Nrama: With issues ranging from EULAs, virtual theft, copyright infringement and practices such as gold farming, do you see a tipping point approaching?  A serious event where extended debate and real legal action may become necessary?

Lastowka: I’m always surprised how quickly things happen in this field.  In 2002, when I first got interested in it, EverQuest had the largest user base, and we’re talking about 300,000 users.  Just in 2009, Farmville had 60 million players via Facebook.  So with the increasing penetration of broadband and the increasing importance of social networks, we are going to see some new law developing very quickly, especially dealing with sites like Facebook and MySpace.  Their growth has been exponential, so things are going to happen soon, the developers are looking to head off legal uncertainties and any large shift in the law, though increasing investment inevitably means increasing litigation.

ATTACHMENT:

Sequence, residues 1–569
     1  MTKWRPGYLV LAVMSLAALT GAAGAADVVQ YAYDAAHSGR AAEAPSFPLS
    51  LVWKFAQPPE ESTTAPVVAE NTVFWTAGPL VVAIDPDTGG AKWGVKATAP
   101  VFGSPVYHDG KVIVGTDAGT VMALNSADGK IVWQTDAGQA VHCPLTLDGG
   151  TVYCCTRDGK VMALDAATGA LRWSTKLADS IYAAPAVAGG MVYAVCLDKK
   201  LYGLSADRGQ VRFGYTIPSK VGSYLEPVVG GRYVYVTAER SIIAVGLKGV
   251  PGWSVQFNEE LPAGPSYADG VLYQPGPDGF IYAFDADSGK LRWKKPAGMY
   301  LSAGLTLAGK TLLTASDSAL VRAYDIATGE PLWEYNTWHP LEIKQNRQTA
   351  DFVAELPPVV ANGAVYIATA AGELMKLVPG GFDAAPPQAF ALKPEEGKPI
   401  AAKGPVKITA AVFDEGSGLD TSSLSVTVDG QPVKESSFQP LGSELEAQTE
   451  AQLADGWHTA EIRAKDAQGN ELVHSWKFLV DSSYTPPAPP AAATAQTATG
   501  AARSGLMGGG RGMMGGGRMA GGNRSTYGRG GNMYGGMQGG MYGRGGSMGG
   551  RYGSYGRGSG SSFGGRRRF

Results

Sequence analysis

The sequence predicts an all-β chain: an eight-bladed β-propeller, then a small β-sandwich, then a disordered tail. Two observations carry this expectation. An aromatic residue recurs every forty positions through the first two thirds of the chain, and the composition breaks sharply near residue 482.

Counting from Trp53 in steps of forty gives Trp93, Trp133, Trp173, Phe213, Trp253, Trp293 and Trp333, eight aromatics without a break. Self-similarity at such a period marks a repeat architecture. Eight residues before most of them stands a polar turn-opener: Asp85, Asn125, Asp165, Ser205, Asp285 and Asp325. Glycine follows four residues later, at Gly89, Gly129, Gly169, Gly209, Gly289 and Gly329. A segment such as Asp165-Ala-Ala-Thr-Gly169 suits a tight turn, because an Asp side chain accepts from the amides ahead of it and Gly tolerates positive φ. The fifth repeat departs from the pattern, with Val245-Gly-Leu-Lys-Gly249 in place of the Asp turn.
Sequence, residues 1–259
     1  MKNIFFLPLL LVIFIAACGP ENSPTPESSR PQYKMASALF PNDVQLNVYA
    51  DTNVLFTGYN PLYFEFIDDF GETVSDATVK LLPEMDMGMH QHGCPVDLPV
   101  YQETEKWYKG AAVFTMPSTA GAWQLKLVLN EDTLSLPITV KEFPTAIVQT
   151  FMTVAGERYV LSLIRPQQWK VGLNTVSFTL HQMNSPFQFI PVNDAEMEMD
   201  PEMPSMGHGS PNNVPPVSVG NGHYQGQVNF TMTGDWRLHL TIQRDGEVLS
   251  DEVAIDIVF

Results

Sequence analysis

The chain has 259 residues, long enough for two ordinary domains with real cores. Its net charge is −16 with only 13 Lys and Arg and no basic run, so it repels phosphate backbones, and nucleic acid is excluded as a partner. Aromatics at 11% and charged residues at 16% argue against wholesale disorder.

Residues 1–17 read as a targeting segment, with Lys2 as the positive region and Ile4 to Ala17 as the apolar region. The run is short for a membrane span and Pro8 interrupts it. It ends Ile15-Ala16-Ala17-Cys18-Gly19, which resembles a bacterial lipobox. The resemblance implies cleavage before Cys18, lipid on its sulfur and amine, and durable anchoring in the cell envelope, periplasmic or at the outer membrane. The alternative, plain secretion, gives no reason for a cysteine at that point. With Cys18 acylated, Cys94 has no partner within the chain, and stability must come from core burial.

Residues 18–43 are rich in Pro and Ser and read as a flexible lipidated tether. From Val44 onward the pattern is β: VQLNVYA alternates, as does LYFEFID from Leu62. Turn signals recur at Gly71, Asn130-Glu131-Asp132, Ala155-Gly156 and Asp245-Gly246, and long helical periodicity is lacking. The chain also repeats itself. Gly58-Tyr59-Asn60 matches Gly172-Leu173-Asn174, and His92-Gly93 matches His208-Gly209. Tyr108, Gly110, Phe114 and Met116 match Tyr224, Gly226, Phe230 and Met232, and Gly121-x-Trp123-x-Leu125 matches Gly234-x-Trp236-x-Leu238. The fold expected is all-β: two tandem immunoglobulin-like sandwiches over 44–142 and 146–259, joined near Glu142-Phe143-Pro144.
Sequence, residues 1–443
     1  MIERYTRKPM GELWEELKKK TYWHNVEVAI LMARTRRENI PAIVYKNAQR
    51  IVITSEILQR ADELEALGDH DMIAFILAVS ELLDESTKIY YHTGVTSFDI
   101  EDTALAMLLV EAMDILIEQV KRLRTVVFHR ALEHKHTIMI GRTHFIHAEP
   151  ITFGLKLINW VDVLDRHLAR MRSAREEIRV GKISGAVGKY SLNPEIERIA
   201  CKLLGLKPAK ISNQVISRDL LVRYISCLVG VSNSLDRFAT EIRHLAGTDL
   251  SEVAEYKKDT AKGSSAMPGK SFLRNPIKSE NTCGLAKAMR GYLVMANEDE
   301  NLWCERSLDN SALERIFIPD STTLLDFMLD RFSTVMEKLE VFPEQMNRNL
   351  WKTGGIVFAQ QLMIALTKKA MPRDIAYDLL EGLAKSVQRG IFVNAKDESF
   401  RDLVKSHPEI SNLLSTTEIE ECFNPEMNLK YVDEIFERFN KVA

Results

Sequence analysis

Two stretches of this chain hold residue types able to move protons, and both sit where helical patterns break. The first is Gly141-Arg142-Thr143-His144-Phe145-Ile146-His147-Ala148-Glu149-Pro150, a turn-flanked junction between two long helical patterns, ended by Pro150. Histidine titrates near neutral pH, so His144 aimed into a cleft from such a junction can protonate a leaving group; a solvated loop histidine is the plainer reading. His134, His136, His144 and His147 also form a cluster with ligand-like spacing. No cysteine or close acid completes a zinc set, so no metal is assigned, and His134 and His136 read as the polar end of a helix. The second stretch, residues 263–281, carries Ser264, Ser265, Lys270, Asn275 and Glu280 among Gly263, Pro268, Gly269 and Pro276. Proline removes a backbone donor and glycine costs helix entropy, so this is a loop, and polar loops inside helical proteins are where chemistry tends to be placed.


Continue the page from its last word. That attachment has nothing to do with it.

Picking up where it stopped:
Nrama: Is there some easy/overlooked thing that MMO gamers should be doing to protect themselves?

Lastowka: If they are really concerned about loss or risk of damage or harm to their investments, they should take the time to read the EULA beforehand.  Don’t just click ‘Accept.’

Nrama: Finally, Schwarzenegger v. Entertainment Merchants Association, AKA ‘the video game free speech’ case went before the Supreme Court recently, how you think they are going to rule?

Lastowka: I think they are going to affirm the 9th Circuit, that the statute violates the First Amendment rights of game developers.  I’m not a big fan of the violent games out there, but I think there’s not a big difference between them and movies, for example, as to their effects on people.  I really don’t think there is any evidence that derives to be a special First Amendment exception for violent video games, and that’s what you’d need to find in order to reverse the 9th’s decision.  It was unusual that they’d even agree to hear the case, it could be they did just to finally declare that games are protected by the First Amendment.